4 Ways Climate Change Affects Your Health – and What You Can Do About It
Too many people write off climate change as a problem for future generations to worry about.
But when it comes to the quality of our health, climate change is a problem we all should worry about right now.
From insect-borne diseases to more powerful hurricanes to heat-related illnesses, the accelerating changes to Earth’s climate are creating health challenges that make it even more urgent to implement climate solutions.
The Planet Is Heating Up, Fast
The scientific literature leaves no doubt that human-caused pollution is rapidly heating the planet.
Carbon dioxide, methane, nitrous oxide and other gasses released as a byproduct of human activities are getting trapped in the atmosphere, which is creating a warmer planet. The decade from 2009 to 2019 was the hottest on record, and 2020 was the hottest single year since records have been kept. Greenhouse gas emissions are still rising.
Limiting global temperature increase to 2.7 degrees Fahrenheit (1.5 degrees Celsius) would avert the most catastrophic environmental consequences of global warming, provided greenhouse gas emissions are dramatically reduced by 2030.
Every increase in global temperatures below that level, however modest, will exacerbate the existing impacts on human health, especially for those in certain age, income and demographic categories.
Here are four key ways that global warming already is affecting our health:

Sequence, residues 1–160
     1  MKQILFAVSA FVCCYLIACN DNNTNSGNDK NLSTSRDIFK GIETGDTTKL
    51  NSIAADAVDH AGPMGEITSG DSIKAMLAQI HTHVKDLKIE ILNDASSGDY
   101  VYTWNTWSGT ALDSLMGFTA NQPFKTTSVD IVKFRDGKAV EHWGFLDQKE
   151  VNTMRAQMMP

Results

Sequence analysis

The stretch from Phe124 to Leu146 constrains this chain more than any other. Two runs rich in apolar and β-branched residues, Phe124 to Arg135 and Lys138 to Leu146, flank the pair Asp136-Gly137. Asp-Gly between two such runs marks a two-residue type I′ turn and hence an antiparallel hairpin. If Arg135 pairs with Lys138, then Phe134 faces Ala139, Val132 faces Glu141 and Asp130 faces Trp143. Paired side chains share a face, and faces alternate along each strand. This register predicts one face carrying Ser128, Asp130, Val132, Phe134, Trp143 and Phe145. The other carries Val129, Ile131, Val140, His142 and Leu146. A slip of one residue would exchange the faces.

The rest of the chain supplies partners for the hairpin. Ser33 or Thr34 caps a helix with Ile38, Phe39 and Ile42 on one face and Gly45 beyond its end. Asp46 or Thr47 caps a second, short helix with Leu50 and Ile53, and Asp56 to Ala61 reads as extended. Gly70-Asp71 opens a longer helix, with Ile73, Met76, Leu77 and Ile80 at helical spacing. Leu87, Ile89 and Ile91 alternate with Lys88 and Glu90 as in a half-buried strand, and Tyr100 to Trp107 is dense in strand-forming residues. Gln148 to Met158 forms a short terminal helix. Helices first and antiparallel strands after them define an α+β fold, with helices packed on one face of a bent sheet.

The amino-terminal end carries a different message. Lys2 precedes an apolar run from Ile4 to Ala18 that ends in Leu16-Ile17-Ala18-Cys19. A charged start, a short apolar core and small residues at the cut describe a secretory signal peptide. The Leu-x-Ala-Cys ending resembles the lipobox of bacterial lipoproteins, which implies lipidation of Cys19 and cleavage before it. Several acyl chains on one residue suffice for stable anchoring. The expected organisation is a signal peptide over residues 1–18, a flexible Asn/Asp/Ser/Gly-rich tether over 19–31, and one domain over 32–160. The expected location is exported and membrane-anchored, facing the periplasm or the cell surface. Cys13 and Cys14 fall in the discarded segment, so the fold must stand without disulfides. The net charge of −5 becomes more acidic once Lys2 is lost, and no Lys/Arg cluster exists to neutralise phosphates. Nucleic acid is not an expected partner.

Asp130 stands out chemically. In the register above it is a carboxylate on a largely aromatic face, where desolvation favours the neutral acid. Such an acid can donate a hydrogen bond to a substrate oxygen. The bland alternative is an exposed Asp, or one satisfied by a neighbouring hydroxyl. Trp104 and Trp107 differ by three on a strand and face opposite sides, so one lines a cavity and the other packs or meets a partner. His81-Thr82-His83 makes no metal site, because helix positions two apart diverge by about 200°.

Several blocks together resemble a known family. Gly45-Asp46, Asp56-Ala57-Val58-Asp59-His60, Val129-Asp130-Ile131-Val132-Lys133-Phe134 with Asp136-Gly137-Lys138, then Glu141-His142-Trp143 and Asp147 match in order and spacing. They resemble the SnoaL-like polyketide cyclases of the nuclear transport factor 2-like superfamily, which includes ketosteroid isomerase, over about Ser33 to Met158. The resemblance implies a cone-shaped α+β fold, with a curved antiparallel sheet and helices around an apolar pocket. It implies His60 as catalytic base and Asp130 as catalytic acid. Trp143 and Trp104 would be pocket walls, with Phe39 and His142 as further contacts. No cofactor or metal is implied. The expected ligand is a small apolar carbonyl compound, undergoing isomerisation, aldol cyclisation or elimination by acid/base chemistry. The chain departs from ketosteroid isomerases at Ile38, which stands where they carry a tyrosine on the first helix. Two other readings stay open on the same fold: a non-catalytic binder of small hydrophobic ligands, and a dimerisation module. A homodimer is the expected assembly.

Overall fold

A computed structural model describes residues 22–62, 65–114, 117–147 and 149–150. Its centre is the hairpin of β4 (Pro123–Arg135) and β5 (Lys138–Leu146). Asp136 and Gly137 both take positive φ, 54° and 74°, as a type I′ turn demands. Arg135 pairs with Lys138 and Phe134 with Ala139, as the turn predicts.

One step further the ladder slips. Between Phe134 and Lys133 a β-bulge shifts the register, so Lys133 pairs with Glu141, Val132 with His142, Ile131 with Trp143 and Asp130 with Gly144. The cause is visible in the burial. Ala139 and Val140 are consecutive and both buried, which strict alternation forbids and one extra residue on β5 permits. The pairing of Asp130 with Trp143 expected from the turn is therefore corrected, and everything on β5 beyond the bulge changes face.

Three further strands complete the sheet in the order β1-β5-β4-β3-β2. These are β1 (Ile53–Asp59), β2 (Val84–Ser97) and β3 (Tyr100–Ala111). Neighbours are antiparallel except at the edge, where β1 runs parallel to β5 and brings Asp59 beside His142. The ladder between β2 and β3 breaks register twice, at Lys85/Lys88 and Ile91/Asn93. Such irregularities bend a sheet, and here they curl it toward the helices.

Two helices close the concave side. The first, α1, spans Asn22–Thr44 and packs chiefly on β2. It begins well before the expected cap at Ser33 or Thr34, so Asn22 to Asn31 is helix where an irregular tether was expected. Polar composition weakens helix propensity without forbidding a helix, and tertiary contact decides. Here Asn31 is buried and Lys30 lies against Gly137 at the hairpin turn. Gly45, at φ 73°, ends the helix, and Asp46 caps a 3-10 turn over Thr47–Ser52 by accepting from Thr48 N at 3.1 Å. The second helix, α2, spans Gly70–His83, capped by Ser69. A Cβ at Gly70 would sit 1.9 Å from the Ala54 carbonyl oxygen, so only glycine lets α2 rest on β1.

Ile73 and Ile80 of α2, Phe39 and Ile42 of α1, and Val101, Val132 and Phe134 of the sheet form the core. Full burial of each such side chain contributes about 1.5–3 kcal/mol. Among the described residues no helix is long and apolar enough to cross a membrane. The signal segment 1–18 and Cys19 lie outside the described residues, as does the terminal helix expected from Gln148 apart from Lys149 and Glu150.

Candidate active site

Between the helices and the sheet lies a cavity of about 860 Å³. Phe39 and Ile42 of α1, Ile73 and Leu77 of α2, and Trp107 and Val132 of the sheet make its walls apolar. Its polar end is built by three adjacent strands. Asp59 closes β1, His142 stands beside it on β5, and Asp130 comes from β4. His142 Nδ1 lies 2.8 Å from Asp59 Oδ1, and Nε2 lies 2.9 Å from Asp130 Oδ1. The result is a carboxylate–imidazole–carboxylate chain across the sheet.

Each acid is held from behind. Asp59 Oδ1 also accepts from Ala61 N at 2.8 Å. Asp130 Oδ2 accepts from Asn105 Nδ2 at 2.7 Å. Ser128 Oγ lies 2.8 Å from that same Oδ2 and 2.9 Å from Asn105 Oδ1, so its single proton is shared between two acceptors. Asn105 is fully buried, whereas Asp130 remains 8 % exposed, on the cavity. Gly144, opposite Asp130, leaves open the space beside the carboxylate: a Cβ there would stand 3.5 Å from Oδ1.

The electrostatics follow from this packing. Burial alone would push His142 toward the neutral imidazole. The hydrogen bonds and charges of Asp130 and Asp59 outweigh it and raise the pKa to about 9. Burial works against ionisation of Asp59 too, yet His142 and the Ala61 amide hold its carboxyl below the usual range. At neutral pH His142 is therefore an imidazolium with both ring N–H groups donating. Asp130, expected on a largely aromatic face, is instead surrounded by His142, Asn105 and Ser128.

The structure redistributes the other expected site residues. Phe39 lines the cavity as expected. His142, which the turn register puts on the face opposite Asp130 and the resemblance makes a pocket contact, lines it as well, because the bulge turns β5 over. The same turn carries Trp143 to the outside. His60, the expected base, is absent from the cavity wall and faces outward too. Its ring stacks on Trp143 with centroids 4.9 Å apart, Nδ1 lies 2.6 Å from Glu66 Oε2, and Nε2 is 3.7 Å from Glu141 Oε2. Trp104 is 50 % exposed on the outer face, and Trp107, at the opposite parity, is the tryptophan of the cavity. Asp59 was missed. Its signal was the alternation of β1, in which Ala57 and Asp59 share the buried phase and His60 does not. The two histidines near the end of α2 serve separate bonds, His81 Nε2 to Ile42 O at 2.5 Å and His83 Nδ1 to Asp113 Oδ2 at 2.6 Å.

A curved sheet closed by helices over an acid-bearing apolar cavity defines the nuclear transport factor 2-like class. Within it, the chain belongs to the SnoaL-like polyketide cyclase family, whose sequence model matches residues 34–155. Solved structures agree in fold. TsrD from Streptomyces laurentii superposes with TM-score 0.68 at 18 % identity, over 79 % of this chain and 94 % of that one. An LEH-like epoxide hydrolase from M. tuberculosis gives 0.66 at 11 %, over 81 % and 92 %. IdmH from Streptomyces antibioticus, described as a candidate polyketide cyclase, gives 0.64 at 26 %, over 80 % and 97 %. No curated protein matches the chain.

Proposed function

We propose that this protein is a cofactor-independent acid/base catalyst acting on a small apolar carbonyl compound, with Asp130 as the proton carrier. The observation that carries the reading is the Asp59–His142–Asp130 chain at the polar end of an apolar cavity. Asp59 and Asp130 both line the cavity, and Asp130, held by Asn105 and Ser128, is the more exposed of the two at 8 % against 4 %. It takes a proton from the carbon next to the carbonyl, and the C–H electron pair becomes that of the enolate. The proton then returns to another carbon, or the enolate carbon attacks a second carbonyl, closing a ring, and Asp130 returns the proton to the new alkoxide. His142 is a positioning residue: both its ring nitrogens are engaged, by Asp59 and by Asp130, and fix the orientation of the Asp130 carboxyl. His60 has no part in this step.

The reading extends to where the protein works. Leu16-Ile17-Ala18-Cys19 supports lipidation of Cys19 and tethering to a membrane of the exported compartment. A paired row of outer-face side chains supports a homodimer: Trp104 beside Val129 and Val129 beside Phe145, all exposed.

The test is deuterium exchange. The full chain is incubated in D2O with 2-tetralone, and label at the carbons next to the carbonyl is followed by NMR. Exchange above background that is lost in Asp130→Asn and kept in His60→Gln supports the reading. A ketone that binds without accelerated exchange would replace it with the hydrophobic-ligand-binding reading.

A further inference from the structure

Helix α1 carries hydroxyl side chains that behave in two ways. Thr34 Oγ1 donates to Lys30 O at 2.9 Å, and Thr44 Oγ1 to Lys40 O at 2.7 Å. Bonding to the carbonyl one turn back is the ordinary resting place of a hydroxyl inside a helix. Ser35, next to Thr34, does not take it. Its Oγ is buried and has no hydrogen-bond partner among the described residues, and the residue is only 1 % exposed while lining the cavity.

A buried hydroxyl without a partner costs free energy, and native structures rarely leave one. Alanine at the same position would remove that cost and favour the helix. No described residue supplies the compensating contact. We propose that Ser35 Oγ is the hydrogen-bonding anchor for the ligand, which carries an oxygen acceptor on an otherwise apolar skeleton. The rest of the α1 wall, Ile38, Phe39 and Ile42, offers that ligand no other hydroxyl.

Extreme heat kills more people every year than hurricanes, tornados, wildfires and floods combined. Florida’s average temperature has risen by more than 1 degree Fahrenheit over the past century due to climate change, the U.S. Environmental Protection Agency estimates.
Heat waves are becoming more frequent and more intense. Already this summer, Florida has experienced record-setting heat, with temperatures commonly in the mid-90s when it’s normally in the low 90s. High temperatures combined with high humidity create dangerous heat indices. For example, a 92-degree day with 60% humidity creates a heat index of 105 degrees, when everyone is at risk of cramps, heat exhaustion and heat stroke, a medical emergency that must be quickly treated.
According to the Union of Concerned Scientists, extreme heat days are expected to go up dramatically in most areas of the country within the next 15 years, and even more so if we do not start limiting our greenhouse gas emissions.
Hotter days are particularly dangerous if you have a chronic condition like heart disease, diabetes, asthma, obesity or obstructive pulmonary disease. The same is true for older people, who have made up the majority of deaths in recent heat waves in the U.S.
Diseases carried by mosquitoes and ticks already are on the rise. With mosquitoes, it’s diseases like zika and chikungunya in Florida, and malaria in other parts of the world. With ticks, the disease risks are ehrlichiosis, Lyme disease and Rocky Mountain spotted fever.
One of the reasons these diseases are increasing is because their hosts thrive in hotter climates. As colder areas warm, they become a more favorable environment for mosquitoes and ticks.
Plus, one of the impacts of climate change are changes in the way water is distributed. For example, flooding inundates areas with water, creating conditions favorable to disease-carrying mosquitos. We’re seeing intense wet-weather events like “rain bombs” that dump vast amounts of water in brief periods of time, as well as wetter, more intense tropical systems.
Stronger, Longer-Lasting Hurricanes
Hurricanes are getting more dangerous because of climate change. The key reason isn’t a mystery: Tropical systems gain strength from warm water, and the warmer the water, the wetter and stronger hurricanes become.
Oceans are absorbing more than 90% of the heat being generated by human-caused global warming, and scientists say the average ocean temperature has risen by about 2 degrees Fahrenheit since the industrial era began.